The Warriors boast a strong bench with role players found throughout. David Lee (pictured) had only seven points in 15 minutes but he was crucial in the time he was on the court. The same goes for Draymond Green, who with starters minutes, put in his best game of the Finals as well.
While Golden State can rely on its bench for some level of consistency, such is not the case for the Cavaliers. After game three, I said that it was much more likely that James didn’t score 40 than to see Curry have such an off night shooting. That exact scenario came true in game four. James scored a measly 20 and the Cavs lost by 21. Coincidence? Not at all.
Despite a good game from Matthew Dellavadova here, a solid outing from Timofey Mozgov there, the hard truth for the Cavs is that they need James to be James if they hope to win the championship. They need him to be on for a lion’s share of minutes and they need him to score prolifically. If he doesn’t, outcomes like game four are not going to be all that surprising.
A metaphor I heard on the radio about James likened him to Atlas. He is the man and the world on his shoulders is the Cavaliers team as well as the city and its fans, who haven’t seen a professional sporting championship in 66 years. Even for a player of James’ caliber, that’s a large load to bear. It is one he has done admirably but one that might prove impossible in the end.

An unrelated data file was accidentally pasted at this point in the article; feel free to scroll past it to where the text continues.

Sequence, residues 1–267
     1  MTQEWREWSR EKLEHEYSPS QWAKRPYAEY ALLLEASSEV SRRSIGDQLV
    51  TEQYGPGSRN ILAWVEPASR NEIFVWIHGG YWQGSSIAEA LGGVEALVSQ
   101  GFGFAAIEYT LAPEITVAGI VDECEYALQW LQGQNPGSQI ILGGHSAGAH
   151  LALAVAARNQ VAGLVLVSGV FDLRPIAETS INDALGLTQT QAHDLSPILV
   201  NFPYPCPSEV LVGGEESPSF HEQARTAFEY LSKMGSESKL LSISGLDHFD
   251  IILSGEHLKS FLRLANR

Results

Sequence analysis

Cavaliers at Warriors Game 5 Preview’s Betting Picks
Ultimately, Golden State enters as the favorite, by 8.5 points according to the top offshore sportsbooks. This isn’t surprising. They return home, where both playoff and regular season success has been plentiful and they do so with a healthy roster. In fact, with Lee finally making an impact, it’s fair to say the Warriors might be returning home an even better team than they were when the Finals first began. In conclusion here are our NBA Finals game 5 preview betting picks and predictions:
- Without much hesitation, take the Warriors to come out on top in their first game back at home -8.5pts on the spread @ best odds of -105 with Bovada Sportsbook (the same betting line is currently -110 with Betonline & 5Dimes). If you’re betting futures as well, take the Warriors in game six too. The Cavs are spent while the Warriors, with better coaching and more depth, look as fresh as ever.
- Additionally, put your money on the under of 195. Again this is best @ -105 with Bovada, while 5Dimes and BetOnline both go -110 at time of writing. Given the way Cleveland’s defense has played, only one game this series has topped that total and it was the first game. The tone of the series has shifted since then. It’s a safe bet that game five will continue in this low-scoring, (as far as the Warriors are concerned), trend as well.
Marilee writes on NFL, MLB & tennis for USA Betting. Another area of her sporting journalistic expertise is pro wrestling. A native of Philadelphia and a big Eagles fan, she has been a sports writer for many major websites including Bleacher Report and Rant Sports. She started her journalistic career early, as sports editor for her college newspaper.